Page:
Retail Commercial Real Estate Research

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Retail Commercial Real Estate Research


The industries that use dynamic pricing include transportation, hospitality, software, supermarkets, produce, and large retailers like Amazon. Pricing can be based on groups, time, personas, value metrics, or demand.


  • Dynamic pricing is defined as tailoring the price of goods or services for specific customer preferences. To have effective dynamic pricing, it is necessary to have a deep set of data on demographics and market conditions.


  • Because of this requirement, to date, dynamic pricing is not commonly used by a wide range of industries. The most common sectors which use dynamic pricing include transportation, hospitality, software, supermarkets, produce suppliers, and online retailers like Amazon.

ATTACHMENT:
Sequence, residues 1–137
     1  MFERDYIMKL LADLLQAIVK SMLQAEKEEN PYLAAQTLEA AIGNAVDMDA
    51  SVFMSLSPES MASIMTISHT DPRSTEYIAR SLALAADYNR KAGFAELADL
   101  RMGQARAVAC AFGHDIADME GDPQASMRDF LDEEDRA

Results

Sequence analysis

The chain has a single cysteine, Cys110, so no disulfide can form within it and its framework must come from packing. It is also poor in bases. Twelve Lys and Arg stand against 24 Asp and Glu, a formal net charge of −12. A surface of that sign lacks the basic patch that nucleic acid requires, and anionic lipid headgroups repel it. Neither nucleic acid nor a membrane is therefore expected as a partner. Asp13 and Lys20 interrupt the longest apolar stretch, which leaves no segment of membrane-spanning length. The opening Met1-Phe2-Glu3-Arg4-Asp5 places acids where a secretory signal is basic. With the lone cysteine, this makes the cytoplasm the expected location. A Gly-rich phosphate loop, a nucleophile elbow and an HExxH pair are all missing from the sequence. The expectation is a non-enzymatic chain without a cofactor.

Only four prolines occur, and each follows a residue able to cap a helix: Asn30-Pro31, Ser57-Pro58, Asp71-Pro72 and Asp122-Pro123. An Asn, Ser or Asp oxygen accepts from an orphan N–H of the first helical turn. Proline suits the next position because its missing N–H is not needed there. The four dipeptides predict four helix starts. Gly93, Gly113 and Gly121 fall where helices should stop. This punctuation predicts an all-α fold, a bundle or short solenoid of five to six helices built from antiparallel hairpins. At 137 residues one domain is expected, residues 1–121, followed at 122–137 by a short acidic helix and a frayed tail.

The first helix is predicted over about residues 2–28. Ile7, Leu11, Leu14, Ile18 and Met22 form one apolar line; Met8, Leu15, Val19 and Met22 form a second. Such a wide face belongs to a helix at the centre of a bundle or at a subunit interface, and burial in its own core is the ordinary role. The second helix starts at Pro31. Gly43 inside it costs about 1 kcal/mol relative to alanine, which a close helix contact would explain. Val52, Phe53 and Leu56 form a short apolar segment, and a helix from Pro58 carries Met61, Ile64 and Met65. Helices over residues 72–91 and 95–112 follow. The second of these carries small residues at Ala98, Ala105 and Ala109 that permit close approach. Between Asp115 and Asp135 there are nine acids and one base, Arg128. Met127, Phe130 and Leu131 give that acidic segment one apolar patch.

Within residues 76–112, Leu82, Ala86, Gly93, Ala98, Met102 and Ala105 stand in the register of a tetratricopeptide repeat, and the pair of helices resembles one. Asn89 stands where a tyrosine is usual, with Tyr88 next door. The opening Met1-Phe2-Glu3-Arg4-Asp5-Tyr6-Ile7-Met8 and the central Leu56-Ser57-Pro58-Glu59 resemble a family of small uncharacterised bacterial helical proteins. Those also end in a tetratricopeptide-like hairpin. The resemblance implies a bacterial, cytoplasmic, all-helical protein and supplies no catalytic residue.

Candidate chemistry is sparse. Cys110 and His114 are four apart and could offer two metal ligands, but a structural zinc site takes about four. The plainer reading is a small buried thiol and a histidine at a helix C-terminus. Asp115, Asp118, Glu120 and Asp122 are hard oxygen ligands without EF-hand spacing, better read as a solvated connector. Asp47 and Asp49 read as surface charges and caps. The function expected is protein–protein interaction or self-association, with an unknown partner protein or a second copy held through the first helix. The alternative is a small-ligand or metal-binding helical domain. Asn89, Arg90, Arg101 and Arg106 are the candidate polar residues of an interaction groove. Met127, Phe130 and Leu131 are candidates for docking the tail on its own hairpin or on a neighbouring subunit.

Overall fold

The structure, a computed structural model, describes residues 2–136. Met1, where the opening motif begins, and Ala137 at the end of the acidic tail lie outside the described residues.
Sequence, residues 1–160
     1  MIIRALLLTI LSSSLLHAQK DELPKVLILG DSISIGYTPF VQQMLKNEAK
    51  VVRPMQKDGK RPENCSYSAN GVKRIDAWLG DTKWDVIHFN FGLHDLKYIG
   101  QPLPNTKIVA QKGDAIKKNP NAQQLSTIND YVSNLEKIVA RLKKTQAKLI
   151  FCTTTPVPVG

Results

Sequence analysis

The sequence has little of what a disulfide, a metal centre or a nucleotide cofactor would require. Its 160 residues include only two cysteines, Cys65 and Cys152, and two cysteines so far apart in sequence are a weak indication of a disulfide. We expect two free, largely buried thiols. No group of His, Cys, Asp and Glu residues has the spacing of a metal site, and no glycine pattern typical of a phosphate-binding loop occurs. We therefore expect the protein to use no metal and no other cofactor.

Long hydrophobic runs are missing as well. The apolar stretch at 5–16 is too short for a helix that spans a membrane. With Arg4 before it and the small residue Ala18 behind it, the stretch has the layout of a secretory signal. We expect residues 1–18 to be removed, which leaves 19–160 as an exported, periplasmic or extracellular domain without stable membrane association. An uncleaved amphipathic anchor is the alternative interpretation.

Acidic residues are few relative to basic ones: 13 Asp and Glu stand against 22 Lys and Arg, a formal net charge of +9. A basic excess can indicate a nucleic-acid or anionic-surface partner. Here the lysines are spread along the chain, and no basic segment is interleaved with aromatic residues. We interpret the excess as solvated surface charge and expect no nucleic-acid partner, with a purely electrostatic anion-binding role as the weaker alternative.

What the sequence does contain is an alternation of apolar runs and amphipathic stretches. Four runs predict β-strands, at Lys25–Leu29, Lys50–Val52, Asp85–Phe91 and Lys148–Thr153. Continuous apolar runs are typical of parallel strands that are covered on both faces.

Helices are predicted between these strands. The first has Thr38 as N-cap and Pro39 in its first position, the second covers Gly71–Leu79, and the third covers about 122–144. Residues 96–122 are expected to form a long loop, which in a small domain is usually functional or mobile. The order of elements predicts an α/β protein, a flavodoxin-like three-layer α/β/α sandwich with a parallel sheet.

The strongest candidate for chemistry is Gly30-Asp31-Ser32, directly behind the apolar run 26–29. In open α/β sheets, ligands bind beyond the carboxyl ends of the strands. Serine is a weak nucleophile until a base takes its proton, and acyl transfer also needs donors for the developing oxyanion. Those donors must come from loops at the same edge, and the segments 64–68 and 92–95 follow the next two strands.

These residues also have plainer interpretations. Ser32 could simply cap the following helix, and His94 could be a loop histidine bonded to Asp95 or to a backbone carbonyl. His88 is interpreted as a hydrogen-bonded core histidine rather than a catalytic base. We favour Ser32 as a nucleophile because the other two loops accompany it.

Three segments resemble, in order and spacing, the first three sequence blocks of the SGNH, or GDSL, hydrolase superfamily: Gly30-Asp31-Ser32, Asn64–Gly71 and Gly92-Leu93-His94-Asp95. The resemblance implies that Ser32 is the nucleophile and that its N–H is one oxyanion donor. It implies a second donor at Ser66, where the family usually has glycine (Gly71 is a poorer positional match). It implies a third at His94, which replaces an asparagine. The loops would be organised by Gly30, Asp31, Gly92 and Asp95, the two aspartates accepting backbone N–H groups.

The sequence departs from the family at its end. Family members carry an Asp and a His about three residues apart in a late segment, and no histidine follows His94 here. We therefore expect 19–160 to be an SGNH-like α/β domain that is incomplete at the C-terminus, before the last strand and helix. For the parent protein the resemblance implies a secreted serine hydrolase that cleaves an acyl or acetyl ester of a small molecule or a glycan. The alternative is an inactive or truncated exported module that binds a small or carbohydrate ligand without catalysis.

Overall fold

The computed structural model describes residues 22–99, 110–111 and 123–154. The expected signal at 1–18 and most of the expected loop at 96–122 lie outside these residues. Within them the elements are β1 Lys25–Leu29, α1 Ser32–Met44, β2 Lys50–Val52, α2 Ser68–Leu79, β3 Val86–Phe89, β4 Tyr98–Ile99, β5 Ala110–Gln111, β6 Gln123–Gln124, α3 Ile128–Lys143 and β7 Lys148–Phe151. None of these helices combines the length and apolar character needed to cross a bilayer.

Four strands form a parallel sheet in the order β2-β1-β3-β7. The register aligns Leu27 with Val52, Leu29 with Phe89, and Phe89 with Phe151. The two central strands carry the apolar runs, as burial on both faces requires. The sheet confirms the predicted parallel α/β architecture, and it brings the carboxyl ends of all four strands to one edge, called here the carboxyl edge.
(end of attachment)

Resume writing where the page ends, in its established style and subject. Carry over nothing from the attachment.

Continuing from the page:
Impact on Customers

  • While customers may accept that prices change, they get incredibly annoyed when they are targeted by dynamic pricing. Even though it can be used to save money, it is also used to increase the margins of the business. That means customers who purchase at the high end of the range feel like they have been overcharged. When customers find out others have paid less, the result is customer alienation and a decrease in customer loyalty.
  • On the other side of the coin, shoppers who have figured out dynamic pricing are gaming the system. Knowing that if they shop around too much, the price will increase, shoppers are beginning to use incognito modes on their browsers for product research, which limits the amount of information the seller can collect.

Impact on Companies